Does the switch have any dhcp support? try turning it off.... I seen my friends having such services in the switches they bought.

Regards,
chobo
JRHITCommented:
192.168.1.111 IS the DEFAULT ip for the Firebox Edge x50...

open up https://192.168.1.111

Go into the DHCP portion and specify the range.
JRHITCommented:
That would actually be https://192.168.111.1

Go there, Select Wizards, Click Go.

Then go through the welcome and enter in the DHCP information and range.

Problem should be solved.
pgm554Commented:
On the WS that are getting the rogue addresses,get into a command line prompt and do an ipconfig /all.
It will tell you which DHCP server address assigned the bad address.

robwhite64Author Commented:
I'll try to address all your responses here so we can get closer to the solution.

JRHIT, the range is already assiged.
Trusted Network IP Address  192.168.20.254
Trusted Network Subnet Mask  255.255.255.0
DHCP Address Pool  192.168.20.150-192.168.20.252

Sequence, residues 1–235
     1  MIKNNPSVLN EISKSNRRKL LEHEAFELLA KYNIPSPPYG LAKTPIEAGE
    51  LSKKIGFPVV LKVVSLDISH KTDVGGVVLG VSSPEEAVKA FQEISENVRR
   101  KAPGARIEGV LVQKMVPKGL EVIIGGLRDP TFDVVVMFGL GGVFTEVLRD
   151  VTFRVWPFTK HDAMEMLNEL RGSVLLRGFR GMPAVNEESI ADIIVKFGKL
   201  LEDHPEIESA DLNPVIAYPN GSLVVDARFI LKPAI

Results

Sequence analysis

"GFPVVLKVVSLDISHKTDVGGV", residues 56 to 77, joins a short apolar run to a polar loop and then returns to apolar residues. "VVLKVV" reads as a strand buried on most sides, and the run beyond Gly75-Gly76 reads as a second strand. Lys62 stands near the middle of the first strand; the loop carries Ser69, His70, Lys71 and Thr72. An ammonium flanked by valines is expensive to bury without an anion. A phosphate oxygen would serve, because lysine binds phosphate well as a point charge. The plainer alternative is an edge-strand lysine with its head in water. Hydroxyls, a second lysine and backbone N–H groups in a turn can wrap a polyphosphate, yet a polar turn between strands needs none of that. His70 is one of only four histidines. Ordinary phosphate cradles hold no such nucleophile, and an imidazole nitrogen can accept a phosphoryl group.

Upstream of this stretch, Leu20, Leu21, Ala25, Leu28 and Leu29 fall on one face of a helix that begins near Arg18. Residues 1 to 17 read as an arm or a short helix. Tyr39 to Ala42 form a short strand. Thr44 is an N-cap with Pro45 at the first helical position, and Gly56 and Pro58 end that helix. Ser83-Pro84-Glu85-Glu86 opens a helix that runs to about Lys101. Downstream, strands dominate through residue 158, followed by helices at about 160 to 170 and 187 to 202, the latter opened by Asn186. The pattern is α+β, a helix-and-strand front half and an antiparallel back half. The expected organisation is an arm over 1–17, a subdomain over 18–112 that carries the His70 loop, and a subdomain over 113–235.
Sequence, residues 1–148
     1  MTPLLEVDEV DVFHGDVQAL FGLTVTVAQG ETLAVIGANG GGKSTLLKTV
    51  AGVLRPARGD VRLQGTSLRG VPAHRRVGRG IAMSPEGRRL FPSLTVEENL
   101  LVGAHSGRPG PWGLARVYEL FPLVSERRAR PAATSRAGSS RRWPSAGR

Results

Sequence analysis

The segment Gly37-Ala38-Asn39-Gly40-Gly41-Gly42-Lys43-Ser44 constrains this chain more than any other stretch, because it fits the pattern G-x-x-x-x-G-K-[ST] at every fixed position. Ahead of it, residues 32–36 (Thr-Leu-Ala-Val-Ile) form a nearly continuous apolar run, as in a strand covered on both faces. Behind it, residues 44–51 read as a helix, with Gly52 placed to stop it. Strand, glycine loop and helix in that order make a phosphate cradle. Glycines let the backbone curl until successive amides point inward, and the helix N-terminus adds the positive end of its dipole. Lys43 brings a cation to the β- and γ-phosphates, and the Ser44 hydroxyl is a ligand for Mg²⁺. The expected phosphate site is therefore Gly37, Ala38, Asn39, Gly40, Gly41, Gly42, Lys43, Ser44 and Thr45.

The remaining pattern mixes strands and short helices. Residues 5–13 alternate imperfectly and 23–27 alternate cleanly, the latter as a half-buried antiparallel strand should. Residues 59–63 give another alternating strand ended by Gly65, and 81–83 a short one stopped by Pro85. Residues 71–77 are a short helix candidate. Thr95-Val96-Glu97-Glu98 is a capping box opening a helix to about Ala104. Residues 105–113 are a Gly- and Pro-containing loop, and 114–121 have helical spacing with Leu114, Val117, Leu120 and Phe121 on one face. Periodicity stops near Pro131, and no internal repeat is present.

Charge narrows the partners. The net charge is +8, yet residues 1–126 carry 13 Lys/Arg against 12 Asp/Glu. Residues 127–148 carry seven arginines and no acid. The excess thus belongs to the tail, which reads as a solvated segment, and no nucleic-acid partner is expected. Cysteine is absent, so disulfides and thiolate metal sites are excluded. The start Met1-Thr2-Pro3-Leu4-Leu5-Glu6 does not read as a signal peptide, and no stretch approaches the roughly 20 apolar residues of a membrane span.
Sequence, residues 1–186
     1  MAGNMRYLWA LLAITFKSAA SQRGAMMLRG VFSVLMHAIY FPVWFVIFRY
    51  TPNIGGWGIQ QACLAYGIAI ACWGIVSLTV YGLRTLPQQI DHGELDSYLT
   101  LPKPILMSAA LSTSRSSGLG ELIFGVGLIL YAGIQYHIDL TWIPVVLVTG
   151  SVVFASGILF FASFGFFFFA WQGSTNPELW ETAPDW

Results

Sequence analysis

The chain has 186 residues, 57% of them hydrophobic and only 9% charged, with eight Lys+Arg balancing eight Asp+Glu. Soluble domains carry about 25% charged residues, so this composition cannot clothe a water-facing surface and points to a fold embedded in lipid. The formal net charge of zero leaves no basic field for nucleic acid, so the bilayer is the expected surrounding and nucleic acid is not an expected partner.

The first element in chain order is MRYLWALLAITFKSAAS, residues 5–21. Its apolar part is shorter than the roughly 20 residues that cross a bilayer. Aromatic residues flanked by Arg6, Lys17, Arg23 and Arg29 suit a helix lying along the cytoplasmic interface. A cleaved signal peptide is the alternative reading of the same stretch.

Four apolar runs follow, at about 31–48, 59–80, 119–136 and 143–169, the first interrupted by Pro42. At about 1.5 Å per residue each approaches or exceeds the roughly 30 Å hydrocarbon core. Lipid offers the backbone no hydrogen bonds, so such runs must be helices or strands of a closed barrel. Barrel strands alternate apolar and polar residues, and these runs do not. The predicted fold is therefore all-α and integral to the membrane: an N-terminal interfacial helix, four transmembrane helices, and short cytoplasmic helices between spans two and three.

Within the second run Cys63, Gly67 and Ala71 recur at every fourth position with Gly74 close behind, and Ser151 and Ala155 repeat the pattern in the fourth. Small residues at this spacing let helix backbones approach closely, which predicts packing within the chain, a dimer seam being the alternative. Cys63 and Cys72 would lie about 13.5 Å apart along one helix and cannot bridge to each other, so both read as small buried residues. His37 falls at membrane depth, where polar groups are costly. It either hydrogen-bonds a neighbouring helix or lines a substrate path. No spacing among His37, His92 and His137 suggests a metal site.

GaryF, no. Our range and IP addresses have remained the same. The 192.168.1.X was never part of this network.

Lifetech, we aren't running any wireless equipment here. But I like your idea to see what I can find out on the next machine that gets the rogue IP. I did a copy of the IPCONFIG /ALL on the last one but I didn't go further than that.

GRSteed and BobG, I'll look into EtherReal. So you're thinking one of the workstations is somehow assigning DHCP? I sure didn't know that could happen. Actually, I doubt that very seriously. The network has less than 40 workstations and servers on it and I've touched every one of them at one point or another.

Chobo, I also like the switch idea. I'm looking into this as well. I'm not currently able to console into the one switch that could possibly have those capabilities--don't have a laptop.

JRHIT, see original question with IPs. They're correct--it's not 192.168.111.1. The Firewall is not set at defaults anyway.

PGM554, also see original question. The info provided was from IPCONFIG /ALL on an affected WS.

smithandrewCommented:
We had a similar problem before where a user was running VMWare on the workstations, and the VMWare Host Adapter was running, acting as a DHCP server - some workstations were picking up the IP from this VMWare DHCP server.
robwhite64Author Commented:
BobG, so the logs from the Firewall appliance wouldn't accomplish the same goal as a tool like EtherReal? And if not, where would I need to install EtherReal? On a server, or could I install it on my own workstation?

Found a laptop, btw, and now need to go buy a null modem cable tomorrow.

cbromley33Commented: